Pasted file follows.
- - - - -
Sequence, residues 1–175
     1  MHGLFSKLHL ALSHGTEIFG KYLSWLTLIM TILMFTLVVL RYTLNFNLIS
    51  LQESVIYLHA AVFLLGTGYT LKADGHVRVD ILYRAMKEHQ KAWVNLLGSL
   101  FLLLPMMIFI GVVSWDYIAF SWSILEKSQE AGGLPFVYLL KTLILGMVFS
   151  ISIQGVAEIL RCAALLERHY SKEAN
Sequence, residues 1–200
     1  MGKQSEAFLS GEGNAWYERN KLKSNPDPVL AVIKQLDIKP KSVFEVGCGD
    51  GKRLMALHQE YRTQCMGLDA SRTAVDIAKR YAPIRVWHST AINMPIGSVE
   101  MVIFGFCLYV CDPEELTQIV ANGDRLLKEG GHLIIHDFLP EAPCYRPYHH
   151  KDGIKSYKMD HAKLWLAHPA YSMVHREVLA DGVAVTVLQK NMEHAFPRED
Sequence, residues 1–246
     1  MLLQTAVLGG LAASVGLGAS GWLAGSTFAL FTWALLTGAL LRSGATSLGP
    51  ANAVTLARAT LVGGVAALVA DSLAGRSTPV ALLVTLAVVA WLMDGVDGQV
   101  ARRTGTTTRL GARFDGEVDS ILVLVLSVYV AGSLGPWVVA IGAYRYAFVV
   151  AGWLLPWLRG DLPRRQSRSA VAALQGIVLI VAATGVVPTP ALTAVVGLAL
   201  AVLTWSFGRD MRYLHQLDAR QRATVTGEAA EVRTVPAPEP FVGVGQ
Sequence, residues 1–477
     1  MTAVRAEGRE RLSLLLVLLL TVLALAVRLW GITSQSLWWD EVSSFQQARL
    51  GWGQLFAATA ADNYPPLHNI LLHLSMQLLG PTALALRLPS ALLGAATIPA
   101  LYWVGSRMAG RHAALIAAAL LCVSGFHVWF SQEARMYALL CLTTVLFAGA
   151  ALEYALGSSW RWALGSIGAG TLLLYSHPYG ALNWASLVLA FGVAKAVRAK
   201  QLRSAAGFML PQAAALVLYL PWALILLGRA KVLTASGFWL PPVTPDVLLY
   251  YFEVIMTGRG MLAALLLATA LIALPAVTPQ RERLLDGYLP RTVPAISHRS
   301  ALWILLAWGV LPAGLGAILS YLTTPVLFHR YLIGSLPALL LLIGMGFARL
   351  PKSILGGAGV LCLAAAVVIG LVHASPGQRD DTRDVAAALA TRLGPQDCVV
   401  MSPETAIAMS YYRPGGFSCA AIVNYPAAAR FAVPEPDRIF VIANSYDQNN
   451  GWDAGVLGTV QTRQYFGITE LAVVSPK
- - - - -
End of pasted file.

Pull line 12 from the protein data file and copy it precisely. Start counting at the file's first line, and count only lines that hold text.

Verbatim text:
     1  MLLQTAVLGG LAASVGLGAS GWLAGSTFAL FTWALLTGAL LRSGATSLGP